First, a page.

Katsukawa Shunshō (attributed to)
Ichikawa Danjūrō V as Ōboshi Yuranosuke

From the series: Kanadehon Chūshingura; Publisher’s logo (Enshūya Matabei); uchiwa-e, 23.5 x 26.0 cm; nishiki-e

Unsigned fan picture from the series Kanadehon Chūshingura This round fan picture shows Ichikawa Danjūrō V as Ōishi Kuranosuke, the leader of the 47 rōnin, in the famous play Chūshingura (“The Treasury of Loyal Retainers”). The censors prohibited the correct name from being mentioned, thus the designation Ōboshi Yuranosuke. Shunshō designed half-portraits of famous actors (hanshin-e) and portraits of their heads(ōkubi-e) even before Sharaku. The round fan format (uchiwa-e) is, however, rare in the Katsukawa school.

Provenance: Bullier, Paris; F. Tikotin, La Tour de Peilz (April 1965)
Riese Collection #45

After his master, Lord Enya, was driven to draw his sword in the shôgun’s palace, and forced to commit ceremonial suicide, Kuranosuke, his chamberlain, swore to take revenge. To forestall suspicion, however, and to deceive his enemy’s spies, he spent his time in a teahouse in Gion in Kyōto, apparently dissipating his strength in drunkenness and debauchery. In the 7th act of the play that describes this famous evince, Yūranosuke is brought an important message from his fellow-conspirators. For an instant he allows his facade to fall, showing his bitterness and determination of purpose. It is this moment which the designer of the fan has chosen to portray.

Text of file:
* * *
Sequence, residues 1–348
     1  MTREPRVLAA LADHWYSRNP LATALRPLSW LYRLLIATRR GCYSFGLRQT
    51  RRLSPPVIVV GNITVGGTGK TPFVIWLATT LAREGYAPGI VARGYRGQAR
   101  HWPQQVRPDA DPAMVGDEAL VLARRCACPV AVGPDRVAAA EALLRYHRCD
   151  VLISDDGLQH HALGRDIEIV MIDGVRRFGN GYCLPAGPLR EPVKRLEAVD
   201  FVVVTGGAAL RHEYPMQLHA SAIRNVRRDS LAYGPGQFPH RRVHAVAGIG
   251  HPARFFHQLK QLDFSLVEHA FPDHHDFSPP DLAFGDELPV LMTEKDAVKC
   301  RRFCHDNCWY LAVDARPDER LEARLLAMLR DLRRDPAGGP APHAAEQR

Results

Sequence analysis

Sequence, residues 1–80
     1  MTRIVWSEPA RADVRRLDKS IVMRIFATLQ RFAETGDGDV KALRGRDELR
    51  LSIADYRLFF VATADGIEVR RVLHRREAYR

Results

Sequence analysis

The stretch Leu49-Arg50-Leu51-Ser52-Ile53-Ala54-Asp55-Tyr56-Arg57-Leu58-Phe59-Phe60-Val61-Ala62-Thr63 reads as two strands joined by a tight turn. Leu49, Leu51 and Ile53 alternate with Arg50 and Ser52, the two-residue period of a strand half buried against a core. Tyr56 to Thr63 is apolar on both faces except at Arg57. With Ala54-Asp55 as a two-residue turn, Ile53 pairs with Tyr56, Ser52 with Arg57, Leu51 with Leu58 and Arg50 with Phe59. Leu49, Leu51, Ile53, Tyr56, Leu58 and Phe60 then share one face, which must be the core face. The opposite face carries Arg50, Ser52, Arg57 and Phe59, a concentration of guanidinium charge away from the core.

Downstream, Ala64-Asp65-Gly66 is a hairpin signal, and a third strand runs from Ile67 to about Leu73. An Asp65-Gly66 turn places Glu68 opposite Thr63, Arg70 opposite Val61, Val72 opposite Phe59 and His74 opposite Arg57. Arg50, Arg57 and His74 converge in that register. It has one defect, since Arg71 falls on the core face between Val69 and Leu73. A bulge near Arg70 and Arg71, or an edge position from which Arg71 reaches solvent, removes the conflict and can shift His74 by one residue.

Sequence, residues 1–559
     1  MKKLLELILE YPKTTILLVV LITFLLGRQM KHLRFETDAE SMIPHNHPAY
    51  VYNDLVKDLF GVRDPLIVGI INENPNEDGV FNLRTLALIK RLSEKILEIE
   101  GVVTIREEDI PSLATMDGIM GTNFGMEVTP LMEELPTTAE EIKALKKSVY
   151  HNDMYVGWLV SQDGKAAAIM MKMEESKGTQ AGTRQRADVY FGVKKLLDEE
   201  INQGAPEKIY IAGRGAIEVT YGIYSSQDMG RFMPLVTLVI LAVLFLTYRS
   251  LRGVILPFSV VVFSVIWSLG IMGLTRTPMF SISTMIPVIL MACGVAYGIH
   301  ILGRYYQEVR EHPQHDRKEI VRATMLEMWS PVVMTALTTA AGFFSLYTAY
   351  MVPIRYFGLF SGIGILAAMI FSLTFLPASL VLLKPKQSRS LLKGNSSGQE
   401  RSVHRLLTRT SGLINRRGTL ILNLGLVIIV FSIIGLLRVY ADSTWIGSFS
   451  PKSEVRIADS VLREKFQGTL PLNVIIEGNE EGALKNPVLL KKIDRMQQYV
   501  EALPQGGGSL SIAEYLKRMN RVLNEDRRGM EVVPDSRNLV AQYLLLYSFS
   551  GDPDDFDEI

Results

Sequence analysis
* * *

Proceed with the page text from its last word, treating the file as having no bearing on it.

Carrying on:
Danjurô acted the role of Kuranosuke twice in the 1780s, first at the Nakamura-za in 1783, later at the Kiri-za in 8/1787. The Nakamura-za performance is the more celebrated in the theatrical records, but without further outside evidence it is impossible to choose between the two dates.

Although Vignier and Inada catalogued this handsome print as “unsigned”, von Seidlitz attributed it to Shunshō, and other writers have followed his attribution, although there is a possibility that the print may have been designed by Shunshō’s pupil Shunkō. Woodblock prints designed to be pasted onto fans were common in Edo at least as early as the mid-1760s: Two prints by Harunobu show fan sellers, both of them with portraits of actors on fans. Enshūya, the publisher of this fan, in fact published at least one series of fans on the subject of the Seven Komachis by Harunobu. Since fans were used and thrown away, very few of these prints have survived. One fan seller’s sample book with prints by Katsukawa artists dating from the years around 1790 survived and was recently dispersed, but this print seems to be the only actor portrait in a fan format which has survived from the years previous.

Reproduced in:
- Vignier and Inada, Harunobu, Koryūsai, Shunshō, no. 602, pl. LXVI.
- Von Seidlitz, 2nd edition, pl. 53 (colour).
- E. Fenollosa, L’Art en Chine et en Japon, pl. 296 (colour).
- Ingelheim catalogue, no. 39.